Loney woman looking sad sitting next to a lit christmas tree

Coping with Grief and Loss During the Holidays

By | Coping, Grief & Loss | No Comments

Managing grief and loss can be very overwhelming and isolating at any time of the year, not to mention during the holidays. Whether you have just recently lost someone and this will be your first holiday season without your loved one, or your 10th, it can be extremely difficult maintain the happiness and gratitude that pressure us all during this time.

There are a few things to keep in mind when it comes to grief at the holidays according to Amy Morin over on Psychology Today.

  1. Trust that grief is a part of the healing
  2. Set healthy boundaries
  3. Focus on what you can control
  4. Plan ahead
  5. Allow yourself to feel a range of emotions
  6. Create new traditions
  7. Do something kind for others
  8. Ask for help

Grief is never something that you will “get over”, and understanding that will help aide in the process. It often comes in waves, and the holiday season can sometimes be a more difficult wave. As the holidays tend to be about spending time with family and loved ones, it can always be a reminder that you are missing that special someone.

It’s okay to feel sad or mad during this time. Just because it’s the holidays doesn’t mean you have to be happy and grateful every second of the day. Allowing yourself to feel the emotions that come up will help to eliminate the guilt and pressure that we often put on ourselves to “get through” something.

A lot of people find that doing something for someone else, like volunteering, or buying gifts for those in need can help fill a void they might be feeling during the season. This can help you feel like you are doing something positive with your time, honoring your loved one, and creating an atmosphere of gratitude with are all great ways to heal.

Dr. Melissa Estavillo talks about this topic in the video below:

Know that you are not alone in your grief. Many other people are also going through something similar during this time. There are often support groups in your area, and if you’re here in the Phoenix, Arizona area please don’t hesitate to call us to set up an appointment with one of our wonderful grief therapists.

 

The Difference between Passive and Active Suicide Ideation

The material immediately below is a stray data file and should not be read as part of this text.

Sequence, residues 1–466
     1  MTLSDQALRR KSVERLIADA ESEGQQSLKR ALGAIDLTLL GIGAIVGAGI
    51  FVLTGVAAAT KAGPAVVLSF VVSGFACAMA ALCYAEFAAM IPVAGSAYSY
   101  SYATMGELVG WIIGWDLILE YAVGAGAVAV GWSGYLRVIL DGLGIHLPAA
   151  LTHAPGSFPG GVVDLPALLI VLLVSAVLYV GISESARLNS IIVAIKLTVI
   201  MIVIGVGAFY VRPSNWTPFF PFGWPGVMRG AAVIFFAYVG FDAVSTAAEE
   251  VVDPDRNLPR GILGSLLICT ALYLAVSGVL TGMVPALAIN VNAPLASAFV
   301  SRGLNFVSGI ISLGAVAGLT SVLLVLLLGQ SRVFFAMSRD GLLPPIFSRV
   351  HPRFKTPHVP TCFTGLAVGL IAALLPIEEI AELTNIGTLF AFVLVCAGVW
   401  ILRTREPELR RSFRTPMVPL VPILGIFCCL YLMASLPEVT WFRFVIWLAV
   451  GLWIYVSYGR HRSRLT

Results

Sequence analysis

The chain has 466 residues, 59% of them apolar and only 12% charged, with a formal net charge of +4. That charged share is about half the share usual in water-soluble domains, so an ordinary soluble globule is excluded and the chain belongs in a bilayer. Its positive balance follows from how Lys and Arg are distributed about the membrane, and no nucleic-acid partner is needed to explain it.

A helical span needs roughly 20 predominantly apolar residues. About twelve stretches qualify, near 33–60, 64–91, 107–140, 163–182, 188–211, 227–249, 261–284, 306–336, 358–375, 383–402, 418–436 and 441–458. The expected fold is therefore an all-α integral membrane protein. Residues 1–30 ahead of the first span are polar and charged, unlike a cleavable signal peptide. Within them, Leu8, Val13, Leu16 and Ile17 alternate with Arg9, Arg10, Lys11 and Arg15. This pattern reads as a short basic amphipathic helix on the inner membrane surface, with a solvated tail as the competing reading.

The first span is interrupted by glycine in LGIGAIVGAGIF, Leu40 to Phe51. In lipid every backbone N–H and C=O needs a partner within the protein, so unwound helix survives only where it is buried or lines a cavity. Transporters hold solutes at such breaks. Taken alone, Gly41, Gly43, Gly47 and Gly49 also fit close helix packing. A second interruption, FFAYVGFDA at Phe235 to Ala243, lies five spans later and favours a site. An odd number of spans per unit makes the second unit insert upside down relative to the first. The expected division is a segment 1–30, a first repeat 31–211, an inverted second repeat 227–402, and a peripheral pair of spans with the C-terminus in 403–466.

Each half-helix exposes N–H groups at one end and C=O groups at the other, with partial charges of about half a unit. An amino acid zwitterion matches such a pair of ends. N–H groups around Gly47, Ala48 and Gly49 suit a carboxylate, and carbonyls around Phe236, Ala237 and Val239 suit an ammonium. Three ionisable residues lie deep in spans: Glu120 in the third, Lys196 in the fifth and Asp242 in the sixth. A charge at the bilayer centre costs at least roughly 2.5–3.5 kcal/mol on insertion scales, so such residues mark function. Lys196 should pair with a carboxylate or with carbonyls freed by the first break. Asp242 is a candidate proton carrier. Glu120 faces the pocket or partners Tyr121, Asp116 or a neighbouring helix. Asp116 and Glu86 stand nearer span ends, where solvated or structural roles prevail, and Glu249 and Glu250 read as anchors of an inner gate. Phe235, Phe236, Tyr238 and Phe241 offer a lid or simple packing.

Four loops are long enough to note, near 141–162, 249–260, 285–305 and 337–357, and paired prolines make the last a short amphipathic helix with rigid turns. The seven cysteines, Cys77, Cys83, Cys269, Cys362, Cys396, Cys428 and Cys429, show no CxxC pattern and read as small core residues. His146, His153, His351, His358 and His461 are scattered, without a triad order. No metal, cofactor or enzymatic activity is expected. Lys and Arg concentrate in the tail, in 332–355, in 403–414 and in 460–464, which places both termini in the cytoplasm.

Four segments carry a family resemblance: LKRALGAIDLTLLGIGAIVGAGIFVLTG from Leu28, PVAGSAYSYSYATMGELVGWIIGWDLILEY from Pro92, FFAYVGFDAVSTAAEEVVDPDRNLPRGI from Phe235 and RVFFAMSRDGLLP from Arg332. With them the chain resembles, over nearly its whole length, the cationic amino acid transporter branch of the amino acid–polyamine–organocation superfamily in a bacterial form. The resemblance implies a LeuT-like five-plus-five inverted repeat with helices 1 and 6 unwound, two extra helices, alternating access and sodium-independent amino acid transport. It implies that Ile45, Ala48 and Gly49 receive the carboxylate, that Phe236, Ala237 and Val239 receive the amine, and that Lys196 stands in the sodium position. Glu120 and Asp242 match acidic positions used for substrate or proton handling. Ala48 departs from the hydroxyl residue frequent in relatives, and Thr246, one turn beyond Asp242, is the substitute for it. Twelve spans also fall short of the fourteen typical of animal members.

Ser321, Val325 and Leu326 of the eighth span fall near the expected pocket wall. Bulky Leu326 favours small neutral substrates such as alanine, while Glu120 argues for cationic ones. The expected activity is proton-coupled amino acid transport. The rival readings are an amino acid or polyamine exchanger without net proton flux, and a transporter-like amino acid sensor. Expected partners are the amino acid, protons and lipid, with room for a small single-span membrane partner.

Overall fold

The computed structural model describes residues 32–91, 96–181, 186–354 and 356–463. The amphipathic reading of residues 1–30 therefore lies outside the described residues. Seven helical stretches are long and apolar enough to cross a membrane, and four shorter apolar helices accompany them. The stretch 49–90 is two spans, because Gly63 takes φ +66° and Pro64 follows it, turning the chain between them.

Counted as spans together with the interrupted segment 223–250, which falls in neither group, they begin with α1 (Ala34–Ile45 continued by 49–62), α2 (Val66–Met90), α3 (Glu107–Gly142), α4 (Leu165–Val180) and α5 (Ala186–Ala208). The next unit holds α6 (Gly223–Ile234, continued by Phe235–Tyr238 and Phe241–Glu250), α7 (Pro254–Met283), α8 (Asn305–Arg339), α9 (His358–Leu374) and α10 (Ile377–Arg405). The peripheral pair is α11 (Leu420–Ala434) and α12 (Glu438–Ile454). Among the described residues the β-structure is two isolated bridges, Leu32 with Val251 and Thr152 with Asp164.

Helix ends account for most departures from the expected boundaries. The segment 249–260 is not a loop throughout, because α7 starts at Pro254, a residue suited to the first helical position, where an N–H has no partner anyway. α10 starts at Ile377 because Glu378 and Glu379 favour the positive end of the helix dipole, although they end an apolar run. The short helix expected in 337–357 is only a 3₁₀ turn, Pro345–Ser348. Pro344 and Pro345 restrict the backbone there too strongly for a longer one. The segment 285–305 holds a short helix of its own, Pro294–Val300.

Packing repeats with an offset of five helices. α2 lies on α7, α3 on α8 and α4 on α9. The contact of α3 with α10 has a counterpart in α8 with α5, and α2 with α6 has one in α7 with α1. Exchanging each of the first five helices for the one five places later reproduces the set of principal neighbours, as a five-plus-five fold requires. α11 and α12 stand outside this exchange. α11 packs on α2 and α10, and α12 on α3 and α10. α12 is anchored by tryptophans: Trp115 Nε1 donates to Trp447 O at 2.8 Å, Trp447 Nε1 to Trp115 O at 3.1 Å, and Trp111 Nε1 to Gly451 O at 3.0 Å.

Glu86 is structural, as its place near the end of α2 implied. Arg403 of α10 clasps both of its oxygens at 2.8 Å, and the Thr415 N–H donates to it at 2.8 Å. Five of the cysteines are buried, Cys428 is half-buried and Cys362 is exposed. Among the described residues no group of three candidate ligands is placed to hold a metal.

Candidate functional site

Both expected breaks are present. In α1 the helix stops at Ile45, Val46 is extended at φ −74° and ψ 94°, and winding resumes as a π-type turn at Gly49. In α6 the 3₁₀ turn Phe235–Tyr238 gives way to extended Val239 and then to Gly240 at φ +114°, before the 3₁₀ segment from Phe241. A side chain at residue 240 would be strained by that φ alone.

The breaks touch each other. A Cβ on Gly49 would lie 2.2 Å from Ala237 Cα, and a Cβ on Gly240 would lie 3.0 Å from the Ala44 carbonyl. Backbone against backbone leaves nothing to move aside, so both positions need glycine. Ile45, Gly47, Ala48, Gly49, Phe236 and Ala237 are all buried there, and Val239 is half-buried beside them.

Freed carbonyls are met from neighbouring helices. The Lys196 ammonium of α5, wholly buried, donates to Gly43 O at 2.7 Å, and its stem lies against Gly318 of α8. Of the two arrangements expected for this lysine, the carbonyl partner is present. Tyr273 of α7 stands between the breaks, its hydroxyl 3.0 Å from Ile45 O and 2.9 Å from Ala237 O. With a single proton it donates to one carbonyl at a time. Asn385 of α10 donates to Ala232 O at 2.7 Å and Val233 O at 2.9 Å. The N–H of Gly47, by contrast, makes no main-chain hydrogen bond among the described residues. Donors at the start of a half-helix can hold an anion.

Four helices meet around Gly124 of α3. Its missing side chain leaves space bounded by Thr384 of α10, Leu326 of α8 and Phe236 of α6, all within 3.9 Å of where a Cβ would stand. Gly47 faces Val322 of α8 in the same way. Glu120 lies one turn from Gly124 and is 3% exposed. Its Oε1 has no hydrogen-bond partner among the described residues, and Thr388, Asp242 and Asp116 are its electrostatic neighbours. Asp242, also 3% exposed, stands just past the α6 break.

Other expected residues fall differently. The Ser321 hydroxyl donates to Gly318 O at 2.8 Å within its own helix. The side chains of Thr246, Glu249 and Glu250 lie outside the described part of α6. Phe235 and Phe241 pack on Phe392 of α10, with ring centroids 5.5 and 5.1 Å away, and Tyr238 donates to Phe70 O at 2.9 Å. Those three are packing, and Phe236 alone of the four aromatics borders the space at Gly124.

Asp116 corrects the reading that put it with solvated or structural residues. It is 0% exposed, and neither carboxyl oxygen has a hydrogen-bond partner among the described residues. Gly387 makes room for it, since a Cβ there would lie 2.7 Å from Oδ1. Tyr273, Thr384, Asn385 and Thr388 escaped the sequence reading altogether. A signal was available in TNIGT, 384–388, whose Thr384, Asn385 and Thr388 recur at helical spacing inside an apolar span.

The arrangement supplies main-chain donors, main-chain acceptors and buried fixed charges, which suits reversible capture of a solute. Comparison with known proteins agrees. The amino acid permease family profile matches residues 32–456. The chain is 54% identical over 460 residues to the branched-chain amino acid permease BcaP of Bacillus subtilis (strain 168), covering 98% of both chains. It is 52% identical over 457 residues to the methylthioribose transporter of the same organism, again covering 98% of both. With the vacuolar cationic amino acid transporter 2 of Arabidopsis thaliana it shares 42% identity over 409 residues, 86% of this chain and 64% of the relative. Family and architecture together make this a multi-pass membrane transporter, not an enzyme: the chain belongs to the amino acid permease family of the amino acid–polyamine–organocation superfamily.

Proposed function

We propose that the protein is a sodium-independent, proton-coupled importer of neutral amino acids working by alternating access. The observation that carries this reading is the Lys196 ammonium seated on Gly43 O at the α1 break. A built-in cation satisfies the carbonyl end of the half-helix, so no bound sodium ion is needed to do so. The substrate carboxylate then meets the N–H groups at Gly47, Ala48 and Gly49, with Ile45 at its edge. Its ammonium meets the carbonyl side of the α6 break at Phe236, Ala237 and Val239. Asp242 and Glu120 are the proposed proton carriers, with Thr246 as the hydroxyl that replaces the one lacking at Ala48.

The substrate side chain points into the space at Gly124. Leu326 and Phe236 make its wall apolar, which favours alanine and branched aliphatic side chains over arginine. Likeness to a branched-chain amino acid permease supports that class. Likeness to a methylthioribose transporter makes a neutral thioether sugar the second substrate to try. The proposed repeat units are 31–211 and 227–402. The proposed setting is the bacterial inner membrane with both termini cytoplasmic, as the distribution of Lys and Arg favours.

By | Anxiety, Biltmore, Blog, Coping, Depression, Mental Health, Suicide | No Comments

September is Suicide Awareness month, and our blog has been focusing on the subject. There can be such a stigma around suicide, that we want to encourage people to talk about their mental health and their struggles. When we talk about suicide, it can give us a better understanding of how to prevent it. And how to help those who might be hurting.

Today we want to explain the difference between passive suicide ideation and active suicide ideation. The difference can be thought to be very simple, but often time we know it can be much more complex than we think.

Passive Suicide Ideation is when you have thoughts of suicide or self harm but no plan to carry it out.

Active Suicide Ideation is when you have thoughts of suicide or self harm, and have developed a plan to carry it out.

Sometimes we think that there are no signs that can help us recognize when someone has formulated a plan to carry out suicide. Often times it can be a private topic or feeling, that people will keep to themselves. But other times, there can be warning signs that we can look out for. According to an article on a website called Better Help, there are a few signs and symptoms to look out for pertaining to suicide ideation. They break them down into three categories, behavioral, physical, and psychosocial.

Behavioral Symptoms:

  • Giving away possessions
  • Talking about death, dying, or not being around in the future
  • Using phrases that make death sound like an option such as “When I am gone,” “If I were to kill myself…”
  • Saying goodbye or making amends with loved ones
  • Collecting items that are harmful or potentially dangerous
  • Social withdraw
  • Increased drug or alcohol usage
  • Not participating in activities that were once enjoyable
  • Engaging in risky or potentially harmful behaviors

Physical Symptoms:

  • Scars from past attempts at suicide or self-harm